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Visual Impairments

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Visual Impairments TLSE 240 Definitions of Visual Impairments Visual Impairments /blend/ - vision cannot be primary learning channel Partially Sighted - some useful ... – PowerPoint PPT presentation

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Title: Visual Impairments


1
Visual Impairments
  • TLSE 240

2
Definitions of Visual Impairments
  • Visual Impairments /blend/
  • - vision cannot be primary learning channel
  • Partially Sighted
  • - some useful vision person may see colors
    and figures with blurring
  • - vision between 20/70 and 20/200
  • Legal definition any of the following
  • - only reads first E with both eyes
  • - 20/200 vision with glasses
  • - tunnel vision (less than 20 degrees)

3
Definitions Continued
  • IDEA- an impairment in vision that even with
    correction, adversely affects educational
    performance
  • Functionally blind uses Braille but has vision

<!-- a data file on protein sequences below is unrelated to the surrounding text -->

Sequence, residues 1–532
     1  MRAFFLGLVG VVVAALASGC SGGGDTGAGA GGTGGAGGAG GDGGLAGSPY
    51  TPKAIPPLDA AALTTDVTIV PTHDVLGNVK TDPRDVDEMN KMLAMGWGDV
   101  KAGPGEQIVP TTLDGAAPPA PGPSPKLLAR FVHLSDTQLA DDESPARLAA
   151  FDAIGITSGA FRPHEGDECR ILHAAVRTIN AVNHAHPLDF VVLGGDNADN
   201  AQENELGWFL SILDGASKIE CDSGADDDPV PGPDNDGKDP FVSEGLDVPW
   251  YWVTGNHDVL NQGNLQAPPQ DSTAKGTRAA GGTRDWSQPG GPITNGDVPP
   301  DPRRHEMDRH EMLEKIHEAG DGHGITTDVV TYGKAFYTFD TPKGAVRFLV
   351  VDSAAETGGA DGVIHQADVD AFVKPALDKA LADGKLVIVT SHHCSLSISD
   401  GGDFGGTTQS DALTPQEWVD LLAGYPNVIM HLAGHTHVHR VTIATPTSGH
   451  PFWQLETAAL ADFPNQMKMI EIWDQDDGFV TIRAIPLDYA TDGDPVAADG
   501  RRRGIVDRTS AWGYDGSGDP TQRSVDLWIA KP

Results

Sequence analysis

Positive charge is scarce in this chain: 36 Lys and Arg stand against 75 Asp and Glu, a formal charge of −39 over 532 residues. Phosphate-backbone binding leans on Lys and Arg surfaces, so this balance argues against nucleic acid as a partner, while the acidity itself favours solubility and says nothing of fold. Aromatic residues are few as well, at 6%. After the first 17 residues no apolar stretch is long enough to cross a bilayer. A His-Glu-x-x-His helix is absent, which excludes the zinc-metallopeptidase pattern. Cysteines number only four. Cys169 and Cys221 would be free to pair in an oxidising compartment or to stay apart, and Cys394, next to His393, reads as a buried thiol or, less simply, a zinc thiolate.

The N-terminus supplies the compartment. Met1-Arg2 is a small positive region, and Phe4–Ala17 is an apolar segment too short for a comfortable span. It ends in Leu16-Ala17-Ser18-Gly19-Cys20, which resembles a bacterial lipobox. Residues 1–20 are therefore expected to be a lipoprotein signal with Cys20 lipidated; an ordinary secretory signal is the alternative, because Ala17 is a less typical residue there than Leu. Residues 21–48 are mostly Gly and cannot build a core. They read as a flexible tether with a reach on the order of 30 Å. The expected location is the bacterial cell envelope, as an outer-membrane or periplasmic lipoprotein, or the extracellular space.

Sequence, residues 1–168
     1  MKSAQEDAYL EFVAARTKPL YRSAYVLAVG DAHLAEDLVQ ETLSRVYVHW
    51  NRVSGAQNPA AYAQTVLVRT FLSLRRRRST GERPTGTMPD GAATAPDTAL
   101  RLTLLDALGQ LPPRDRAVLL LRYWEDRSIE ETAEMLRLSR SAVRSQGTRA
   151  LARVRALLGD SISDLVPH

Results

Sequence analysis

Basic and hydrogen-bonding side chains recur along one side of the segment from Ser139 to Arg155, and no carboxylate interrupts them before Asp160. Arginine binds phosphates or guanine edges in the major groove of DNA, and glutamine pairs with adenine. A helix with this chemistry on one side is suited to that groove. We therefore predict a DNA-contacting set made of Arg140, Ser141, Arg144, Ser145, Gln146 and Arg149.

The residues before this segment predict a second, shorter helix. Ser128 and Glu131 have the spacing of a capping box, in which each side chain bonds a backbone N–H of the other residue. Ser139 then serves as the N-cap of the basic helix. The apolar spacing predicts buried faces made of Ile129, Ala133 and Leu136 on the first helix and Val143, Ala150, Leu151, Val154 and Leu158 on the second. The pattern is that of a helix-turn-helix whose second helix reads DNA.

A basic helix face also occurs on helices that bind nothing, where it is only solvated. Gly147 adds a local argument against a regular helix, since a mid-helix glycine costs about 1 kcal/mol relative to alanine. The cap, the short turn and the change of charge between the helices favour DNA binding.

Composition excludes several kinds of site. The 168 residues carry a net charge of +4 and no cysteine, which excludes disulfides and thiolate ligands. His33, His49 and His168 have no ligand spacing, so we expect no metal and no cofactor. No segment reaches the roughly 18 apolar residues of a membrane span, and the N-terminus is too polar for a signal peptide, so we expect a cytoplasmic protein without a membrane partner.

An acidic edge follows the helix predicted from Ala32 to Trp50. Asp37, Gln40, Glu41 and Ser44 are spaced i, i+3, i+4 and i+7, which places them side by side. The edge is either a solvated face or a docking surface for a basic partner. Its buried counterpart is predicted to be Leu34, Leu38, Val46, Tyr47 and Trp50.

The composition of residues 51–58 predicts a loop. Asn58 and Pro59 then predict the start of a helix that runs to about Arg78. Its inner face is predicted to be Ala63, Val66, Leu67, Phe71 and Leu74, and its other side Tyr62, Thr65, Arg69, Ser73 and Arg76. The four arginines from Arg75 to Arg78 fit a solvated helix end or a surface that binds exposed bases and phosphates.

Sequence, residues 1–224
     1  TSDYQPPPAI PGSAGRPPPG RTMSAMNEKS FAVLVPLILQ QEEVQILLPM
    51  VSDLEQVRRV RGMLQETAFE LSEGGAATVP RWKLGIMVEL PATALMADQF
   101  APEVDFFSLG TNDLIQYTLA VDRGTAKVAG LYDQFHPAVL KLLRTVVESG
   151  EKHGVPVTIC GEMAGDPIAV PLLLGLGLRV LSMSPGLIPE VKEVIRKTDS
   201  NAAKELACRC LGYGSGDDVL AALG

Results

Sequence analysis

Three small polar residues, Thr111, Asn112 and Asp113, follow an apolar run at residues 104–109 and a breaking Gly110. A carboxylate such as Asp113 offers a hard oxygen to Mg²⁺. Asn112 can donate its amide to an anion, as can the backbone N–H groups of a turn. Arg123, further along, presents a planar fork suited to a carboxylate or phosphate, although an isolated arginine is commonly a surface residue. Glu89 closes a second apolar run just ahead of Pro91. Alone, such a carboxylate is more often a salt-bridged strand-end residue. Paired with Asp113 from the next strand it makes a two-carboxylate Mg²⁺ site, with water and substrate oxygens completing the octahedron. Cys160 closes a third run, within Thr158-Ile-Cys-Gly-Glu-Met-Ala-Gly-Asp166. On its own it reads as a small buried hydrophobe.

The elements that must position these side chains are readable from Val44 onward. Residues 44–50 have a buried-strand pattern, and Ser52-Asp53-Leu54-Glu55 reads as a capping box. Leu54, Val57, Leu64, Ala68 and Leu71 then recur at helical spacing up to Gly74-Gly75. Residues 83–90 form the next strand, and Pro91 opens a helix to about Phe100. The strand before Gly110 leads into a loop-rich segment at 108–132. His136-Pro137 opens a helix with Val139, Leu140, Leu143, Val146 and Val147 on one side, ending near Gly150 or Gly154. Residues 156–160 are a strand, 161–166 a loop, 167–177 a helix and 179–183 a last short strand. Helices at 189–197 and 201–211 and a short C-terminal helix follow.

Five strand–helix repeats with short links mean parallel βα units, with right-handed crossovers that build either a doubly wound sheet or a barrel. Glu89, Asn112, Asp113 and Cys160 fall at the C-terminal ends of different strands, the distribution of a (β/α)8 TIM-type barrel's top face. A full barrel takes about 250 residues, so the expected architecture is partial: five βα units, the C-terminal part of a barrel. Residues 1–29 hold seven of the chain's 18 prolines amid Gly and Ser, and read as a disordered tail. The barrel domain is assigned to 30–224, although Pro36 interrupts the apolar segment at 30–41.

for environmental tasks
  • Low vision can read with magnification or
    environmental modification
  • Totally blind- must use tactual and auditory
    learning no meaningful input through vision
  • .

4
Characteristics of Visual Impairments
  • Limitations in range and variety of experiences
  • Limitations in mobility
  • Limitations in environmental interactions
  • Can affect
  • - incidental learning concepts like table
  • - social interactions
  • - career development
  • .

5
Challenges of Visual Impairment in the Classroom
  • Fewer opportunities to acquire information
    visually ( i.e. maps ,art)
  • Learning Difficulties
  • - may read very slowly fall behind
  • - difficult to meet the demands of general
    education classroom
  • Social difficulties
  • - cant catch non-verbal cues from others
  • - inability to judge distance ( i.e. stand too
    close when socializing)

6
Signs
  • What might I see in a child that suggests he or
    she may have a visual impairment?
  • Children often times have difficulty
    verbalizing or explaining a vision concern. Look
    for symptoms in three areas physical changes,
    changes in vision and changes in behavior.

7
Physical Changes
  • Eyes that are wandering, bloodshot, encrusted or
    have reoccurring redness or watering
  • Pain or itching in the eyes
  • Rubbing eyes frequently
  • Frequent blinking, squinting, facial distortion
    or frowning
  • Viewing things at a distance or very closely

8
Physical Changes, Continued
  • Eyes turn inward, outward, upward or downward
  • Eyes are very sensitive to light
  • Frequent headaches, tiredness or dizziness after
    doing hard work
  • Has sties frequently
  • Trips and bumps easily